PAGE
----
During this session, Dr. Krasner will explore the issue of burnout, and its effects on quality of care and quality of caring in the medical encounter. After defining resilience, he will then examine ways to cultivate resilience in health professional development. Particular focus will be given to Mindful Practice, an approach designed cultivate resilience through the cultivation of mindful attention and awareness, reflections and sharing among physicians and other health professionals of clinical narratives, and the use of appreciative dialogue in identifying the strengths and capacities that lead to greater meaning, satisfaction and resilience in medical practice.

For more information and to register for the Winter 2017 Audio Seminar Series, please click here.

IAMSE Winter WAS: The Imperative for Incorporating Mind-Body Medicine in Health Professions Education

The Imperative for Incorporating Mind-Body Medicine in Health Professions Education
Presenter: Adi Haramati, PhD
January 26, 12 PM ET

More than half of practicing physicians exhibit characteristics of chronic stress and burnout. This trend may begin earlier with the observed decline in empathy during medical student training and alarming rates of burnout in medical and other students in the health professions. In this presentation, Dr. Haramati will review published outcomes on curricular interventions to help students and faculty manage stress, foster empathy and build resilience. He will also share his perspective on why it is essential to incorporate mind-body techniques into the training curriculum for all health professionals – something that will require both skill and courage.

For more information and to register for the Winter 2017 Audio Seminar Series, please click here.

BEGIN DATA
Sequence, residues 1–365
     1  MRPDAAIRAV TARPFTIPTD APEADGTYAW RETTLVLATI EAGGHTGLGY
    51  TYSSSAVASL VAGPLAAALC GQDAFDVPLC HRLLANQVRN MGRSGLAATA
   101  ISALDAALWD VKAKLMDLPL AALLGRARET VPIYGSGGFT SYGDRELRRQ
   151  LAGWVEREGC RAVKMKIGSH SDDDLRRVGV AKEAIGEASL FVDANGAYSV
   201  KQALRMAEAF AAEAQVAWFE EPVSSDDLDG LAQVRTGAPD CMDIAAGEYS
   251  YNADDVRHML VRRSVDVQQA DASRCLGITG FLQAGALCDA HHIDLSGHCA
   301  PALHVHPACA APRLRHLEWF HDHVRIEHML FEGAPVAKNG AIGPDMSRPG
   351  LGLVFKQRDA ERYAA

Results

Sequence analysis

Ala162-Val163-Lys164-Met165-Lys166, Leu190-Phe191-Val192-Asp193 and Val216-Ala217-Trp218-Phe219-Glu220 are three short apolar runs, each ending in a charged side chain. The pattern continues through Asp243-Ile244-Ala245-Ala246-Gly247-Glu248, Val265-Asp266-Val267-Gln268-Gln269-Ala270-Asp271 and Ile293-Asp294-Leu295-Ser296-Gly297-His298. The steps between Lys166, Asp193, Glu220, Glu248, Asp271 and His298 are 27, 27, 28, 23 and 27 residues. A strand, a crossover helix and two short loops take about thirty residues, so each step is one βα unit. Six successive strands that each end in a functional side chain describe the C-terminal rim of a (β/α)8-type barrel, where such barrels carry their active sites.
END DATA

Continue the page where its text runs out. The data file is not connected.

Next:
IAMSE Winter WAS: Strategies for promoting personal health & wellness and leading change at the individual level

Strategies for promoting personal health & wellness and leading change at the individual level
Presenter: Catherine Pipas, MD, MPH
January 19, 12 PM ET

Leaders in Academic Medical Centers face a need for robust change in healthcare. They are faced with diminished resources, expanded expectations and are called upon daily to lead change and achieve the “Triple Aim” of better health, better care and lower costs. Leaders of change also face increased stress and burnout. Thomas Bodenheimer’s, “Quadruple Aim” challenges leaders to prioritize their own health in order to effectively promote the health of others. By applying the continuous quality improvement (CQI) process at the personal level, leaders can demonstrate the knowledge and skills to lead change while simultaneously promoting personal improvement.

This session will focus on describing strategies for leading change at the personal level. Participants will have an opportunity to reflect on the components of the process of change, their own resilience, personal vision and to strengthen their commitment to personal health choices. They will critically analyze and prioritize areas for personal improvement and define global aims, SMART objectives, actionable steps, timelines, challenges and resources for sustainability. The process begins with a personal needs assessment and ends with an actionable personal improvement plan. Participants will be supported to implement their personal plans and to partner and disseminate tools with team members and colleagues at their home institution.

At the conclusion of this seminar, the participant will be able to:

  • Describe the importance of achieving “The Quadruple Aim”
  • Discuss Strategies for Leading Change Personally and at the Team level
  • Adapt the model for systems improvement as a framework from which to apply personal health improvement

For more information and to register for the Winter 2017 Audio Seminar Series, please click here.

Jennifer Baccon – Membership Committee